THOMSON: So when you have a very low solve rate in your murders, that basically is a sign of having really poor levels of interaction with your community and very low levels of trust. We went from having a resolve rate of 16% in 2012 to 61% in 2014. So by increasing the level of human contact with individuals in the neighborhood, we had the ability to glean more details so that we might make the community safer for them and with them.

We led the state of New Jersey in 2012 with 65 excessive-force grievances. In 2015, we had three excessive-force grievances. So that's a 95% decrease. And we have body cams on all of our police officers.

KELLY: So what is your reaction to the calls we're hearing now – protesters calling on cities to abolish their police, to not have a cops department at all? These are individuals arguing that if you go back to square one with a brand-new police force like y' all did in Camden, that still isn't enough due to the fact that there's still all of the racist systems within which that force is operating. What's your response?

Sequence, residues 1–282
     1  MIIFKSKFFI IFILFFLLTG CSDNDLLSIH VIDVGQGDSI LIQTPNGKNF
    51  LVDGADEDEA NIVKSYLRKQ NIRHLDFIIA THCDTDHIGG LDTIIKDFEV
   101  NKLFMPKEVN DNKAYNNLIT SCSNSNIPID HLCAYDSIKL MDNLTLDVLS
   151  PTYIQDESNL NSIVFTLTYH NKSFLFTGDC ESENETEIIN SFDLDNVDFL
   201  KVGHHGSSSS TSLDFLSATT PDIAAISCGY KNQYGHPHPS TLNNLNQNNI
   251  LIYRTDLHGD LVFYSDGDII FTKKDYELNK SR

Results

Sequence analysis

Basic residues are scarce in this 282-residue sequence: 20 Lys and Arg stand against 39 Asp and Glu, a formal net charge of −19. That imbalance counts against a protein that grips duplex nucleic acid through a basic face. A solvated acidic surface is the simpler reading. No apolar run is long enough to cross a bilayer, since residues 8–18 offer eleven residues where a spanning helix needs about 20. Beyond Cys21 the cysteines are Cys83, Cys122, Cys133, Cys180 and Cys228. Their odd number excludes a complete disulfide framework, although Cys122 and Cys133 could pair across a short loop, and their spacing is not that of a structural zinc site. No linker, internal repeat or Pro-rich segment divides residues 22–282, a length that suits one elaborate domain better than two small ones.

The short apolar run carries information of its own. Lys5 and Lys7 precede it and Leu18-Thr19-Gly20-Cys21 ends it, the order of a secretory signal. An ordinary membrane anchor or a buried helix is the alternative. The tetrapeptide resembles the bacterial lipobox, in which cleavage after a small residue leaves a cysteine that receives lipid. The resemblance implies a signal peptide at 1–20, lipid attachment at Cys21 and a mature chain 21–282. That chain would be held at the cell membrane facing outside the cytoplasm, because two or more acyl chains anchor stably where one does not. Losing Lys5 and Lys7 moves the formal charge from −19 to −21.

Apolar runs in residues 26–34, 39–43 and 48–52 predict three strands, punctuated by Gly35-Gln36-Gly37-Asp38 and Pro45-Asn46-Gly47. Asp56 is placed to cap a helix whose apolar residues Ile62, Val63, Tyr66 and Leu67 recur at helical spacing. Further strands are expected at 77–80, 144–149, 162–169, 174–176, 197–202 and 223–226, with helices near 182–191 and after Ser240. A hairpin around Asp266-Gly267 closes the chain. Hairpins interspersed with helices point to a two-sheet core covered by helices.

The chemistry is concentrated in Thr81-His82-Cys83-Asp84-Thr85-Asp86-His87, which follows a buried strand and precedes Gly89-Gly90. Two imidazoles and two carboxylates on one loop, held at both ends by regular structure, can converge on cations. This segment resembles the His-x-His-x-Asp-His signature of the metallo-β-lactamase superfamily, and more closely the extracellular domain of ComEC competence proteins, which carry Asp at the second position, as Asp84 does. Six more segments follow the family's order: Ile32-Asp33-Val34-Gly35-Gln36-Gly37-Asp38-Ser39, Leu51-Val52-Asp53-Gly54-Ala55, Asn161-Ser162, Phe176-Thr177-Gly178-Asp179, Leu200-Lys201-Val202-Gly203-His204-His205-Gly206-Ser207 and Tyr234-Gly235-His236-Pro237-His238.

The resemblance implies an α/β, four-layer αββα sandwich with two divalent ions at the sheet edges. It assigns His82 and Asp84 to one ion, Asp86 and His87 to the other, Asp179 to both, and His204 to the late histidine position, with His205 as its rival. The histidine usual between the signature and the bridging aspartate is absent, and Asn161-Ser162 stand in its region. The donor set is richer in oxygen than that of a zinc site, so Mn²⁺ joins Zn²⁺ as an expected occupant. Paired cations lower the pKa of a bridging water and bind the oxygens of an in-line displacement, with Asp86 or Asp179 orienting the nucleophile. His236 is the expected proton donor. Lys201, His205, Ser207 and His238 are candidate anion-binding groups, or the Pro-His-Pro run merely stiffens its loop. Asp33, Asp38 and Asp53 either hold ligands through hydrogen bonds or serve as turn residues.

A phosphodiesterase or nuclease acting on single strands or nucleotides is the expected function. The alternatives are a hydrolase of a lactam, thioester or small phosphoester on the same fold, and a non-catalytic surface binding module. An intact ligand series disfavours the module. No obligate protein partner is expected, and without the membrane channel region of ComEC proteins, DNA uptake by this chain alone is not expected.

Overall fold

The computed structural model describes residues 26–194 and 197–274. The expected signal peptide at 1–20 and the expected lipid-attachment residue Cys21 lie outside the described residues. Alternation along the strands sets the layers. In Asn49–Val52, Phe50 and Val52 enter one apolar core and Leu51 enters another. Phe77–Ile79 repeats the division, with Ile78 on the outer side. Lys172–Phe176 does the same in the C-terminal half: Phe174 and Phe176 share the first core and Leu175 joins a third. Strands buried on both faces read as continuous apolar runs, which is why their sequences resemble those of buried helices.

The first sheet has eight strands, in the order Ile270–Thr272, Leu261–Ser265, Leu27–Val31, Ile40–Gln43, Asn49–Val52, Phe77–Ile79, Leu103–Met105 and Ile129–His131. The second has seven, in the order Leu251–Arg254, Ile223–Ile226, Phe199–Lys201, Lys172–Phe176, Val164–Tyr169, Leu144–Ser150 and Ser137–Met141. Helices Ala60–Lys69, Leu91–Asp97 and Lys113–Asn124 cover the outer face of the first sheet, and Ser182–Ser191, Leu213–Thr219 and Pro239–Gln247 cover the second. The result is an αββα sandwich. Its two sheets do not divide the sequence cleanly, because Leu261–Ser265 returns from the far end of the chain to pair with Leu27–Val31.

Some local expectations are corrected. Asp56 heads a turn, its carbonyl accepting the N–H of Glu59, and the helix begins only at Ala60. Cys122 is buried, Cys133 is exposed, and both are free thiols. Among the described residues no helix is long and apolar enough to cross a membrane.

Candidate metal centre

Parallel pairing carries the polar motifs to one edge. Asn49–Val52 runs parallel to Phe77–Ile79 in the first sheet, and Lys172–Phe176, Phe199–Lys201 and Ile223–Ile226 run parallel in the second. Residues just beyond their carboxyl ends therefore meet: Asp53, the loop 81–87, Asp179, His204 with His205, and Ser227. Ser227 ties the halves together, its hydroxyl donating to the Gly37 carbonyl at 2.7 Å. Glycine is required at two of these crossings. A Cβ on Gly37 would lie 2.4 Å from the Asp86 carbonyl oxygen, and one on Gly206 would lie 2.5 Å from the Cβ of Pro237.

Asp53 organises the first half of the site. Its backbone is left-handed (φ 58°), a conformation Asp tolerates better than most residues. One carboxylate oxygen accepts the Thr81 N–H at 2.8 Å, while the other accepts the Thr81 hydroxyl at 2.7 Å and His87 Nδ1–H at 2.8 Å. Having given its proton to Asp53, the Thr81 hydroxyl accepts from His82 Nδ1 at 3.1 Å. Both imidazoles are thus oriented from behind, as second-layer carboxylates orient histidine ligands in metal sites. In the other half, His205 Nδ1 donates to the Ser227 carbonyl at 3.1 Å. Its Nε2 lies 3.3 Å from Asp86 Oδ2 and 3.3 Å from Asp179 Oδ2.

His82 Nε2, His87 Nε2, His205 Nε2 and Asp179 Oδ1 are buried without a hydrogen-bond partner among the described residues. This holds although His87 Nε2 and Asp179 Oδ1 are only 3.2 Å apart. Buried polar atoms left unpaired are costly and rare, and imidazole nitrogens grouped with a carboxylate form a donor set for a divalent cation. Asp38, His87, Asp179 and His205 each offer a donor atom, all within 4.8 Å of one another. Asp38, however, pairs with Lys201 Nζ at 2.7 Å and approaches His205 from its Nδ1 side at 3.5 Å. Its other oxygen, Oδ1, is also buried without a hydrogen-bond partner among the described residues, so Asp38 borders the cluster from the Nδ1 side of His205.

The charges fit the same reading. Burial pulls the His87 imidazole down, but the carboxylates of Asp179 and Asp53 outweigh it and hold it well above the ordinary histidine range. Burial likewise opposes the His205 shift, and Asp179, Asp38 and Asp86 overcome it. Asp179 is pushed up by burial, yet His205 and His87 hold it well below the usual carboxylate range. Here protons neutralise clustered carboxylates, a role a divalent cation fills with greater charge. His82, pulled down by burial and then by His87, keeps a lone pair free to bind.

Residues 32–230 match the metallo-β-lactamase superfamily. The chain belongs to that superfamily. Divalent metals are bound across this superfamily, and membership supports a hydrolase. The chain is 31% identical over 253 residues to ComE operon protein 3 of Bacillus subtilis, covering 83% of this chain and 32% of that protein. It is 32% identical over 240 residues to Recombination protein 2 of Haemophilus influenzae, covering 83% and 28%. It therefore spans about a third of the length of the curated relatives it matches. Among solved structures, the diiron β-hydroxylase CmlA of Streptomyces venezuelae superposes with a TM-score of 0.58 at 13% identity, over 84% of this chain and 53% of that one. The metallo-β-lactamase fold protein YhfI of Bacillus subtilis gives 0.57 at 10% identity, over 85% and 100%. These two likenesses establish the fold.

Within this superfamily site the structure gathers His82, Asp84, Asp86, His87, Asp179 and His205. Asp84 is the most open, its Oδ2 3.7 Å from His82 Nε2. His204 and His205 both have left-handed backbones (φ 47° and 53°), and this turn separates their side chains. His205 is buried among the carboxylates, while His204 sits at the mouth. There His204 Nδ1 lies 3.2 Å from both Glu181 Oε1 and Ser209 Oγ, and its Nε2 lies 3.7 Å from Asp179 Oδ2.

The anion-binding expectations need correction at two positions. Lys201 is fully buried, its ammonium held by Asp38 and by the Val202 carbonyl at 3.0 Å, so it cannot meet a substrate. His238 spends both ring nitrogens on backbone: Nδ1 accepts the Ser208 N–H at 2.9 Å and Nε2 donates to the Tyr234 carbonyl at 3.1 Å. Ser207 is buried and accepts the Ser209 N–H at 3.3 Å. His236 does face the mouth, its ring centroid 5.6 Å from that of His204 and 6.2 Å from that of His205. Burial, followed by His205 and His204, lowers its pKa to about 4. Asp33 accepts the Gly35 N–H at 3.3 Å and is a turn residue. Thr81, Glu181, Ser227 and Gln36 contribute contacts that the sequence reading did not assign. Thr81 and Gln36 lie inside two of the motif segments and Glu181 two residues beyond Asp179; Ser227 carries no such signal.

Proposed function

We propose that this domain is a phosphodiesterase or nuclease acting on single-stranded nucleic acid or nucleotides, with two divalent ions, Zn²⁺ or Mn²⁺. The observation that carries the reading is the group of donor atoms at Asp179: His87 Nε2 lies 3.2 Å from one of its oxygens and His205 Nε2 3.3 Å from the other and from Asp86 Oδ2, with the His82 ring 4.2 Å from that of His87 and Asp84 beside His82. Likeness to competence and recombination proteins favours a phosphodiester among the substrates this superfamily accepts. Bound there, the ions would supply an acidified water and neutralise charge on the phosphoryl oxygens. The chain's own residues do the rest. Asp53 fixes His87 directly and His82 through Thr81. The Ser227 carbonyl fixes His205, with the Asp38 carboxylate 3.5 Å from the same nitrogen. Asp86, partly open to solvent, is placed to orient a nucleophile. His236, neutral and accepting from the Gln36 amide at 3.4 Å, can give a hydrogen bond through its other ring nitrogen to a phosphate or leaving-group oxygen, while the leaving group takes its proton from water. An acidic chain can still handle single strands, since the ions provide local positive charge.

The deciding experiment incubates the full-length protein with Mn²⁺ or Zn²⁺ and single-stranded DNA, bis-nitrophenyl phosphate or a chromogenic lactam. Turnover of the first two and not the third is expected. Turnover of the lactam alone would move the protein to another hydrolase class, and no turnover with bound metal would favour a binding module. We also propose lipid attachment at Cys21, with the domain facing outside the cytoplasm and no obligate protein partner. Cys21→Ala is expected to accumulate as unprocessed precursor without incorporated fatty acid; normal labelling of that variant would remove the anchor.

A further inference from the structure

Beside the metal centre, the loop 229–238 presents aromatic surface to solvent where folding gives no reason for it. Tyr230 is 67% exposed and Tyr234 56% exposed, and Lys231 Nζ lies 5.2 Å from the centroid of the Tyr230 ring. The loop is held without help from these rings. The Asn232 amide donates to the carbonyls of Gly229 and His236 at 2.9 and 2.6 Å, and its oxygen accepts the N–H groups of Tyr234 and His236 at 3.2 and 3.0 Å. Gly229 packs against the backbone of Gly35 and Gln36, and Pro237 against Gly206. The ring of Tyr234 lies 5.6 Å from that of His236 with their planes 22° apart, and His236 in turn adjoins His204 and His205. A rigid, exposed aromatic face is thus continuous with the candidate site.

THOMSON: So that's a bit extreme. I don't see a democratic society in which you could entirely eliminate a police. I do believe that there are some severe conversations that can occur with concerns to defunding police. There are greater public safety returns on investment with programs other than putting cash towards enforcement.

KELLY: You indicate take some financing that's currently going to a police force; aim that into other places so that the police can concentrate on policing. Is that the argument you're making?